Topeka, Kan. -- Kansas lawmakers have given final approval to a plan that would increase aid to poor school districts and eliminate tenure for public school teachers.
The House voted 63-57 on Sunday to approve a compromise bill drafted by Republicans in both legislative chambers.
Lawmakers had expected that kind of slim margin but didn't know which way it would break.
"I'm expecting a close vote," Rep. Brandon Whipple (D-Wichita) said before the house reconvened late Sunday night.
The Senate earlier Sunday backed the bill in a 22-16 vote. The bill now goes to Republican Gov. Sam Brownback for consideration.
The plan is designed to comply with a Kansas Supreme Court order last month in a lawsuit filed by parents and four school districts in 2010 over education funding. The court directed lawmakers to boost aid to poor districts.
The plan does so, but conservative Senate Republicans insisted on eliminating tenure for public school teachers.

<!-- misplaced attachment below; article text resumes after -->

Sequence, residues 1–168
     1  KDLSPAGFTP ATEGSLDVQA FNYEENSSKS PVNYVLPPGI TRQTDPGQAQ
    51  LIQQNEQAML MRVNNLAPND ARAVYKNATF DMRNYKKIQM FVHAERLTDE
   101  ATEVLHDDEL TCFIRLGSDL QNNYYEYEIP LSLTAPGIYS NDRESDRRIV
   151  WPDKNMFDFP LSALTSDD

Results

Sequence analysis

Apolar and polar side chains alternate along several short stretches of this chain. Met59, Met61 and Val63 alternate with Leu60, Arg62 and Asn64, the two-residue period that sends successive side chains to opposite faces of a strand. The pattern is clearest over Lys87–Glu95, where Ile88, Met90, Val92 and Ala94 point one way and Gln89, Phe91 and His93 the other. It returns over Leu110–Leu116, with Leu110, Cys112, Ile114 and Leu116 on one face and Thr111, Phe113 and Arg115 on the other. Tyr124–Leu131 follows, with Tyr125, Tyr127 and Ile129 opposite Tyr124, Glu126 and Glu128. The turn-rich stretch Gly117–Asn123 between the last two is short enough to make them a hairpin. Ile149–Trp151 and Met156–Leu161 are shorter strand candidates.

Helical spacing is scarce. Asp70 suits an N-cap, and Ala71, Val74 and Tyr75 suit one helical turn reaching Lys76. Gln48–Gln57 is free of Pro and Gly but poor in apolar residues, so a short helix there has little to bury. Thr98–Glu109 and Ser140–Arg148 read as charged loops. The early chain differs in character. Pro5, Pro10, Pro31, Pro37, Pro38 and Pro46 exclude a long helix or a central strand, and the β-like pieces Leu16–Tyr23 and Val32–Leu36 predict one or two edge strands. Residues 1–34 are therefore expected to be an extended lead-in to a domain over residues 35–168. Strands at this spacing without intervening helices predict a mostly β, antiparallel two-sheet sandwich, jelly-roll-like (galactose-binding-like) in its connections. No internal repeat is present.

Hundreds of teachers had descended on the Capitol this weekend to voice their opposition to that provision.
"It's very important that we are here to show our support for our teachers back home," Wichita teacher Katie Laske said.
As Laske and other teachers listened to debate Sunday, they say they were very concerned with what they heard.
"I'm just very disappointed about a lot of things that were said about teachers and due process rights," Laske said.
While the teachers were at the Capitol Sunday, many marched down to Governor Sam Brownback's office and covered the door with "While you were out" message slips. They say it was their way of voicing their concern over what they say is the Governor's silence on the debate.
"We haven't heard anything from him," Laske said. "(The teachers) were just wondering where he was and where he stood."
Many teachers took to social media after Sunday night's House vote to voice their disappointment in the decision.
Lawmakers also voiced disappointment not only in the vote Sunday night but the process that led up to it.
"We had a clean bipartisan bill that passed the House this week and the Senate put in a bunch of policy issues that have not been vetted and have not had discussion in committee," Rep. Whipple said. "I think the original product we had was a good product."